Anyone who watches television has witnessed actors portraying police officers reading Miranda Rights to criminals and innocent bystanders as they’re arrested for allegedly committing a crime. If you watch enough television, you might even find yourself muttering the beginning part of the Miranda Rights. These are basic rights offered to all people upon their arrest, and they relay to you the information you have the right to remain silent because anything you say can be used against you in court. This drives many people to speak nothing without the presence of an attorney in their arrest case, which seems like the right thing to do. What happens if you choose to say nothing and remain silent? Can that be used against you?
Why Can Silence be Used Against Me?
No. Your silence cannot be used against you. It’s far better to stay silent than to deny or admit to a crime. Saying nothing leaves police officers with nothing to use against you other than to tell a court of law you said nothing to them until your attorney was present. This is your right, and there is nothing they can use about your silence to help their case. Your silence is noted, but remaining quiet in a situation such as this is neither a denial or admission of guilt or innocence. Always remain silent until you have the opportunity to contact an attorney and have your case heard.
When your case is taken to a courtroom to be heard in front of a jury, the judge on the case is legally obligated to inform the jury your silence on the matter cannot be used for or against you when your case is heard. If you choose to stay silent as you are rightfully entitled to do, you are not causing yourself any harm.
Why Remain Silent?
Your right to remain silent is your right to avoid self-incrimination. You might not think anything you say is incriminating, but sometimes the way police officers or interrogators phrase questions is designed to trick you into saying something you might not want to say. The only thing to say to police when you are questioned or when you are under arrest is your attorney advised you to say nothing without him or her present.
Your attorney is present to help you say nothing incriminating. Even things you don’t view as incriminating could be. You don’t know what officers know, what evidence they already have, or how they are trying to get you to confess to something you might not even be aware of. The presence of an attorney means all questions are vetted by the attorney and you are then encouraged to answer them as the attorney grants you permission. This is the best way to ensure you say nothing that can be used against you.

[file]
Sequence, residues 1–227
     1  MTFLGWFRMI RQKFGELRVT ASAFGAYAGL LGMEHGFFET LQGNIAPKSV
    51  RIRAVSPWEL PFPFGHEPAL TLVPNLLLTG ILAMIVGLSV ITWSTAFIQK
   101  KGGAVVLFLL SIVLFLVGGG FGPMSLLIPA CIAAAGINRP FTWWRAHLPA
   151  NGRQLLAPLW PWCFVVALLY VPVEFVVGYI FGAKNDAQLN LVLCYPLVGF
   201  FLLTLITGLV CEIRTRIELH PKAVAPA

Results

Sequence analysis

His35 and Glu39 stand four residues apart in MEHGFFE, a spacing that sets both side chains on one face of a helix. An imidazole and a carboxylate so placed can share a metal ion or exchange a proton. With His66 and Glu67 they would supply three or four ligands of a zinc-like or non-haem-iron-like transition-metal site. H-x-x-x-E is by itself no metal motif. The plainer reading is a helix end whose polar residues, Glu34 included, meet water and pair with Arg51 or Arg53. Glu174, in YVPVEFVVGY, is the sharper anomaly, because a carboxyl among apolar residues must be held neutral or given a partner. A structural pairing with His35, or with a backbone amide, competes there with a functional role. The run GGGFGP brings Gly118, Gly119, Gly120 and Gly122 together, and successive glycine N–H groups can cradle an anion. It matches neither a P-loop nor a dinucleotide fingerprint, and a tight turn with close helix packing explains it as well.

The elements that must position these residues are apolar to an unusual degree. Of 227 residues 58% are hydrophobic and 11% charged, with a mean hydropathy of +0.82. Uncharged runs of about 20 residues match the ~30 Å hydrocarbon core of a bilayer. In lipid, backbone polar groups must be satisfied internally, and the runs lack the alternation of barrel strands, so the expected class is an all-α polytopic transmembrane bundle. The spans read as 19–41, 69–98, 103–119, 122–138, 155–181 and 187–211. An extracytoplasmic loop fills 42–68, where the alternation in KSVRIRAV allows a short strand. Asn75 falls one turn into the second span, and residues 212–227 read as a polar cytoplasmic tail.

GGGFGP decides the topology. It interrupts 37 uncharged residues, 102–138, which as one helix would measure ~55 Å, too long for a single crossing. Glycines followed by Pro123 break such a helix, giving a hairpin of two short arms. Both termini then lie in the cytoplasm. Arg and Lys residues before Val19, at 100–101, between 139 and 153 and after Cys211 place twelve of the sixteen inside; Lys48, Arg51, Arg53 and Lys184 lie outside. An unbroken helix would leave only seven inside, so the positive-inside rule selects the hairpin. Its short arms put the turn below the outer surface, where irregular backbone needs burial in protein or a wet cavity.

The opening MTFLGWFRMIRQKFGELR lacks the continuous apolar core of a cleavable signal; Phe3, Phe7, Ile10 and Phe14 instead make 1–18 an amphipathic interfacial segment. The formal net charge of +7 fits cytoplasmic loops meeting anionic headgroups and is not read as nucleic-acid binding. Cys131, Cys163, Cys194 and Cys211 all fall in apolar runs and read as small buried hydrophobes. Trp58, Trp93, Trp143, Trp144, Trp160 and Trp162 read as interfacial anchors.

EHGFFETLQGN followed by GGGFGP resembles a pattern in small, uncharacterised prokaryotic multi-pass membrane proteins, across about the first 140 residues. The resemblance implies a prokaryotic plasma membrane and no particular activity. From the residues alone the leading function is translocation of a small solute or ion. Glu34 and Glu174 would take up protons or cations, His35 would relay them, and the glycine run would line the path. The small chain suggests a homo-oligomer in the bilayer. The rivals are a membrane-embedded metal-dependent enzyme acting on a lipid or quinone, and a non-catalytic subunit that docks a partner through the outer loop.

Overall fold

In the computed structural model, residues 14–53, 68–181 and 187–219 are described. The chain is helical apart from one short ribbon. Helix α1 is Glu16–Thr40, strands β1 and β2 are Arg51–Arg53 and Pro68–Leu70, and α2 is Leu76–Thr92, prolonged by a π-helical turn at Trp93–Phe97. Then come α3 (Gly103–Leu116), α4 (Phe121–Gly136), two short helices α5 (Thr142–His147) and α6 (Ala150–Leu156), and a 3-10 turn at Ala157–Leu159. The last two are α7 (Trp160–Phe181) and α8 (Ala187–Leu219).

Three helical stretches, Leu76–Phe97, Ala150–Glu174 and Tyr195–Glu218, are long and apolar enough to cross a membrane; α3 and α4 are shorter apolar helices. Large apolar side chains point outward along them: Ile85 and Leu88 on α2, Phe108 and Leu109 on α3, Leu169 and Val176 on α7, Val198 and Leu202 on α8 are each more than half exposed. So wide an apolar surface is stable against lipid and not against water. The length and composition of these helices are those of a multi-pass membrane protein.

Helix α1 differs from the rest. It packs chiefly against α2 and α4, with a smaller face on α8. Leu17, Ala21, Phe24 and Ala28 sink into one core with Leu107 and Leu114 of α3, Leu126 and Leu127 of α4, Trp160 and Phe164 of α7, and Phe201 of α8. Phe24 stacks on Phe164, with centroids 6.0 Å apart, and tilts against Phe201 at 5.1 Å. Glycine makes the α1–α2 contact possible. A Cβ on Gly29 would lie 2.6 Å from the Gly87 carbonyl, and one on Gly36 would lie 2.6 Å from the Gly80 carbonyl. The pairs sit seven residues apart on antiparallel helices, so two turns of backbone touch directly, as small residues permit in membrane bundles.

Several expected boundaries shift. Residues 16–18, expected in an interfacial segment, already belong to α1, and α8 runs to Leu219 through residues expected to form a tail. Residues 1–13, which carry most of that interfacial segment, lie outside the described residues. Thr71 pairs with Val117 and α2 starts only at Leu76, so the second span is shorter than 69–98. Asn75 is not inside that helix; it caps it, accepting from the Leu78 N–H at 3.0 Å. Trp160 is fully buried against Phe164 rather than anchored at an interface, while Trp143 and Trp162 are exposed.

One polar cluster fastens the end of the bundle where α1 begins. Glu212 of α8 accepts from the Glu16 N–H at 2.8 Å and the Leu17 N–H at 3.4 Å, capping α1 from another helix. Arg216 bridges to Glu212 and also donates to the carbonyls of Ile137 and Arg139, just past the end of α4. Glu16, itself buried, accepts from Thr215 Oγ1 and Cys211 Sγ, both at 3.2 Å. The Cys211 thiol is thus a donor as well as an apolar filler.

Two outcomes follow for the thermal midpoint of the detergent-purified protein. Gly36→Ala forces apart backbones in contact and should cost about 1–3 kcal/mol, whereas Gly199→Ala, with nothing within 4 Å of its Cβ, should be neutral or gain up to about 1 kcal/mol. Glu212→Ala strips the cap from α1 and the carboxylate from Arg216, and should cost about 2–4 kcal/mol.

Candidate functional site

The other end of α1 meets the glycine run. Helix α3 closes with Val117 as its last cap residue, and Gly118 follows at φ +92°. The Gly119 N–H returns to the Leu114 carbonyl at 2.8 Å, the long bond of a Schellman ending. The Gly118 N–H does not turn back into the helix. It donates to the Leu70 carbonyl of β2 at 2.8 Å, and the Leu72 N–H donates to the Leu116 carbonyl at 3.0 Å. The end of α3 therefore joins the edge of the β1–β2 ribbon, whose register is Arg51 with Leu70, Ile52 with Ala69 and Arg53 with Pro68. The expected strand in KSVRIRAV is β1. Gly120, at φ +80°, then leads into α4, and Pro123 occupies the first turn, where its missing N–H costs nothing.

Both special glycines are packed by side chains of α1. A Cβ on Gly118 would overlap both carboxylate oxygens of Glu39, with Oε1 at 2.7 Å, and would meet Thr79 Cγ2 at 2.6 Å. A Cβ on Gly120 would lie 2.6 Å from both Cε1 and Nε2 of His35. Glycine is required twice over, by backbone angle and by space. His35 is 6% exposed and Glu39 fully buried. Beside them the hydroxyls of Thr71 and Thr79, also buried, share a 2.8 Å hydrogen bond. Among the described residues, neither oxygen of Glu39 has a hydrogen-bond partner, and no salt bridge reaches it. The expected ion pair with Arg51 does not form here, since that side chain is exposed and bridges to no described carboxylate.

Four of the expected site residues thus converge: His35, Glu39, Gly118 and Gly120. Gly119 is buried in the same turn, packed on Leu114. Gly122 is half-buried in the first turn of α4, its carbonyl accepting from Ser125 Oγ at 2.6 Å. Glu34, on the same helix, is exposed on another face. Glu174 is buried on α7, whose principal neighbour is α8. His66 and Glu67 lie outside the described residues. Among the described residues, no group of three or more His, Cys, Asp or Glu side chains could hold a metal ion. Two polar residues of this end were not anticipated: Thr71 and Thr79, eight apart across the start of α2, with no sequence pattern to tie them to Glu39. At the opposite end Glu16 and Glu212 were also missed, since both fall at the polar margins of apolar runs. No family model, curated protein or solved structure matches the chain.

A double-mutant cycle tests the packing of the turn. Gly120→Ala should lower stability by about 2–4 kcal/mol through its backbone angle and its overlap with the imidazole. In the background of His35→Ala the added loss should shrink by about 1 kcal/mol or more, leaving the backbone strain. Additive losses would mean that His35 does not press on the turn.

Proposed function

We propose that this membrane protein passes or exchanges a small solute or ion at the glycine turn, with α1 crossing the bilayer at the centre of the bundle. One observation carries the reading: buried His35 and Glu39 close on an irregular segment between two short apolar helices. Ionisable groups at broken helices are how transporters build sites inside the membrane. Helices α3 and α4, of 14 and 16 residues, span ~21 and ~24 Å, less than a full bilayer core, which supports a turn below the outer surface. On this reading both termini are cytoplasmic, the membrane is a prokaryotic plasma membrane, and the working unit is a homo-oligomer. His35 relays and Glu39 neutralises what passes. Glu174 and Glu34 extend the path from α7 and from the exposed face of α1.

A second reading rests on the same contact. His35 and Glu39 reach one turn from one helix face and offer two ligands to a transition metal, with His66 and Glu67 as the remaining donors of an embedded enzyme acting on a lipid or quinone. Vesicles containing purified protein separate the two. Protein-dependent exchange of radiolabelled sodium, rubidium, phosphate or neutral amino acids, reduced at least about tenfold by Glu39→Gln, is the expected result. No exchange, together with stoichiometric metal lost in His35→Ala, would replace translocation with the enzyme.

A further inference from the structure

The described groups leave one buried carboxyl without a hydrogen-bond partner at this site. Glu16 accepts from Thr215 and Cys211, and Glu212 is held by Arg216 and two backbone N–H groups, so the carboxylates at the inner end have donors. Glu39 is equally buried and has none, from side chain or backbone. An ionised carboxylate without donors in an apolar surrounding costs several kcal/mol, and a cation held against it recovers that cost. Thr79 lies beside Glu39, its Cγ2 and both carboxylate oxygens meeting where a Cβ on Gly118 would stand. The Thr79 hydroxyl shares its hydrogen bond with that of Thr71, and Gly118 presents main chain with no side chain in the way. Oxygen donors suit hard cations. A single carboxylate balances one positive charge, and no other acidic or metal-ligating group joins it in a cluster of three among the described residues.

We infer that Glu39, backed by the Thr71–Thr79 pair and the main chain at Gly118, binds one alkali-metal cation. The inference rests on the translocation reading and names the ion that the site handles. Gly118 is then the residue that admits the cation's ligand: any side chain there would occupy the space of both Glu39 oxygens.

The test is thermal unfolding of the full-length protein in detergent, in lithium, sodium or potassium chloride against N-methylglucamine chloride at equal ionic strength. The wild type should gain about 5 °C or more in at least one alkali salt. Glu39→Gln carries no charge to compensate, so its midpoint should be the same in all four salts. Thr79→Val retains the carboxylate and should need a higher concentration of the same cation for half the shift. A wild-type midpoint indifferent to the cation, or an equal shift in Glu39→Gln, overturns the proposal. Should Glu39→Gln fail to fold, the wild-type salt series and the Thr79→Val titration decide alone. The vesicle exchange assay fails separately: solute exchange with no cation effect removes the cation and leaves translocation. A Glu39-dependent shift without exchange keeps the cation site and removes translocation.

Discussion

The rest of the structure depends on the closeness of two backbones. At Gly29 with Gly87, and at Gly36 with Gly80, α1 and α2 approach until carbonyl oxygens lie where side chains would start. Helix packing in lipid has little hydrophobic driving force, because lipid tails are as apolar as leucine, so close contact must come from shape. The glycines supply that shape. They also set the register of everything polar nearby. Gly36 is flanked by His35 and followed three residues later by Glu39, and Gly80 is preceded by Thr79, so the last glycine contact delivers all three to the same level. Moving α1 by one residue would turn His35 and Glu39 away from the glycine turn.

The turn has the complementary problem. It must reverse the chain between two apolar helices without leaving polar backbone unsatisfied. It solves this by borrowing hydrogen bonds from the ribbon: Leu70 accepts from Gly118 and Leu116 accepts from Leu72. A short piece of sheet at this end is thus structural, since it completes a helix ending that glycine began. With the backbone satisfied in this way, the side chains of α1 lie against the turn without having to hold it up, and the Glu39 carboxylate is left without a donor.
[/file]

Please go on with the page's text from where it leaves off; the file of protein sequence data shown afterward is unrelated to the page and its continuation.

For example, if you are arrested for physical assault you did not commit, saying you were mad at the person accusing you of assault but that you didn’t touch them is not so much an admission of innocence as it is a validation you were angry and had the motive. This is why saying nothing is the best course of action. You and your attorney will discuss the questions and situation, and you will come up with the best responses together. There is no reason for you to speak until you’ve contacted an attorney.
If you are arrested and charged with any crimes, it’s time to call an attorney. Your job is to make sure the attorney is able to help your case, and you can do that by saying nothing. Those who are unfamiliar with the law want to help and show police officers they didn’t do anything wrong and while that’s commendable, it’s not the best course of action. Speak to an attorney to find out what you should say, what you should do, and how you should exercise the rights given to you during your arrest. There are many rights and statements given during the time a person is arrested, and it’s not always easy to understand precisely what they mean if you have little to no experience with the law.